There are perennial favourites that keep three generations entertained.
Among them are the collection of Tasmanian Aboriginal art, the native wildlife exhibits, and the planetarium.
But Launceston’s cultural jewel, the Queen Victoria Museum and Art Gallery (QVMAG), is constantly evolving, and that’s what keeps visitors coming back.
The collection is also remarkably diverse, says City of Launceston spokesman Shane Fitzgerald. From giant dinosaur skeletons to sublime paintings by Tom Roberts, there’s plenty to move everyone at QVMAG.
“Whether you're browsing our collection of art and design from Australian and international artists, learning about the history of Tasmania, or exploring the world through our zoology, geology and botany archives, QVMAG is filled with stories just waiting to be discovered,” he says.
QVMAG is Australia's largest regional museum. It’s set across two sites: the 1891 gallery at Royal Park in the city, and a contemporary reimagining of an 1870s railway workshop in the suburb of Inveresk, about 2km away.
Set aside plenty of time to explore both sites. In the museum at Inveresk, stories are told through installations. The preserved railway workshops house locomotives as well as cars, bicycles, horse-drawn buggies, planes suspended from the rafters and artefacts from Australia's oldest merchant shipwreck.
The thylacine exhibit is a highlight of the natural history collection, telling the story of the Tasmanian tiger, a reminder of the preciousness of the planet’s wildlife.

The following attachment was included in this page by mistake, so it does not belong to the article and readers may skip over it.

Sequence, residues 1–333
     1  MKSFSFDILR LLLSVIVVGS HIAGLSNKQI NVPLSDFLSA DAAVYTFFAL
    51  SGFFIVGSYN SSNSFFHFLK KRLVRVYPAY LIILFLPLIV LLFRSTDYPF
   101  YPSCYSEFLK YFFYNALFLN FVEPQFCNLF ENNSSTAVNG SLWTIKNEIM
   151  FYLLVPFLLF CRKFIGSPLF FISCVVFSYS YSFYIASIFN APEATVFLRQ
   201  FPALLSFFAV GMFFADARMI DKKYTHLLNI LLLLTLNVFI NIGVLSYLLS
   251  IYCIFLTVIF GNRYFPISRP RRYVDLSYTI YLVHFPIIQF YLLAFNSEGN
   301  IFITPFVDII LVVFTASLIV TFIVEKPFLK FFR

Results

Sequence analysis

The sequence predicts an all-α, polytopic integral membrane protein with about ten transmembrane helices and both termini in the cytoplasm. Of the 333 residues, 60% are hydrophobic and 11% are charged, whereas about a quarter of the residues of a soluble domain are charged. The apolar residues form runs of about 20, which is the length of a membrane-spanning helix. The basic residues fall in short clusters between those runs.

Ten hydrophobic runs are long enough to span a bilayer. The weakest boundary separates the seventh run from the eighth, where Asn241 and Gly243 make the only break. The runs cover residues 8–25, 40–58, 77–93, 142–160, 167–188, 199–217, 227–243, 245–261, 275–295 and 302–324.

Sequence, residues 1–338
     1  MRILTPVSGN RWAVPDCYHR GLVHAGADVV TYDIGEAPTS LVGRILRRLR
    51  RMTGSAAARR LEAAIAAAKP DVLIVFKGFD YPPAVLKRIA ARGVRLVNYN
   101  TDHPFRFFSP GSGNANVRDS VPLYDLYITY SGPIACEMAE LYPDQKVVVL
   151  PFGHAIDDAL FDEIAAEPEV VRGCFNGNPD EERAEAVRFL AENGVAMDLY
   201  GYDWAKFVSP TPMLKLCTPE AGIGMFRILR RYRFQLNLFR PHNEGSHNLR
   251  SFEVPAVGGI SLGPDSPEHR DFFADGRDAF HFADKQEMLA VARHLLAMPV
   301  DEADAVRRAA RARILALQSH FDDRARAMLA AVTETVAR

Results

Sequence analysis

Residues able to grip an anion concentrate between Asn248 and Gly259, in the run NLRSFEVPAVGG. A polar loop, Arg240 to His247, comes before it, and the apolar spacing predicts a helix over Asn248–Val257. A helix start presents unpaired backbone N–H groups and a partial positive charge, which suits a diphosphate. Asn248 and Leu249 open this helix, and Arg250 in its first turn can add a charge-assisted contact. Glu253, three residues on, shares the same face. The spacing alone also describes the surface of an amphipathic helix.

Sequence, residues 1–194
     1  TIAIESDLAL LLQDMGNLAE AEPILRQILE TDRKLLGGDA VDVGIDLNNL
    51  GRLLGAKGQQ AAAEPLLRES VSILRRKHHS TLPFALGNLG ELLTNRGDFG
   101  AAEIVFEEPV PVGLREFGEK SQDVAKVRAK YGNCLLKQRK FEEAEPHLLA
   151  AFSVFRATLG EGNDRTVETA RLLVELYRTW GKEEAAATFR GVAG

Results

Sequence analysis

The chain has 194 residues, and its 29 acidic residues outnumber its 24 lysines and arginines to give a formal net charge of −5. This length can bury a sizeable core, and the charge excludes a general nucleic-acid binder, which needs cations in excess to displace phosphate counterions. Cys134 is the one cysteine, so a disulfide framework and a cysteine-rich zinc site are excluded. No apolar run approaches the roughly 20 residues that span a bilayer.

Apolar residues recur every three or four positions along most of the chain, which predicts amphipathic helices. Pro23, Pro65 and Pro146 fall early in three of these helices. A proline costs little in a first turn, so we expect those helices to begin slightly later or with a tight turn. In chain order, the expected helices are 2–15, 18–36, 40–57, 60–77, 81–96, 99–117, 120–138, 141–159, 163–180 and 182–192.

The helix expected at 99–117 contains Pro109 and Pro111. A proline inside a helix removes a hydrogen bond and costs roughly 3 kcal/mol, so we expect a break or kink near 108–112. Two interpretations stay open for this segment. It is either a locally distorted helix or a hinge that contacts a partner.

The Phenomena Factory is equal parts education and giggles with its interactive science displays for children. The Launceston Planetarium also shares the site.
At the Royal Park art gallery, the colonial and federation-era galleries were refurbished for the institution’s 130th anniversary, and the collection of old and new art is curated to acknowledge the past while encouraging new perspectives and narratives. Significant historical works of Tasmania’s colonial period sit with contemporary works by notable Tasmanian Aboriginal artists.
Permanent exhibitions at the gallery include The First Tasmanians: our story, encouraging viewers to learn about the history and culture of Tasmanian Aboriginal people, says Fitzgerald. The exhibition was created in consultation with the community and includes rarely seen artefacts.
Finish a visit at the QVMAG gift shops, which stock games, books, art, jewellery and a range of Tasmanian-made products.
Need to know
Queen Victoria Museum at Inveresk and the Launceston Planetarium are at 2 Invermay Road, Invermay. Queen Victoria Art Gallery at Royal Park is at 2 Wellington Street, Launceston. The museum and art gallery are open daily, 10am-4pm. The planetarium is open Tue-Sun and Mon during school holidays; planetarium shows are followed by live tours of the night sky. Entry to the sites is free; fees apply to selected programs and events, and to enter the planetarium.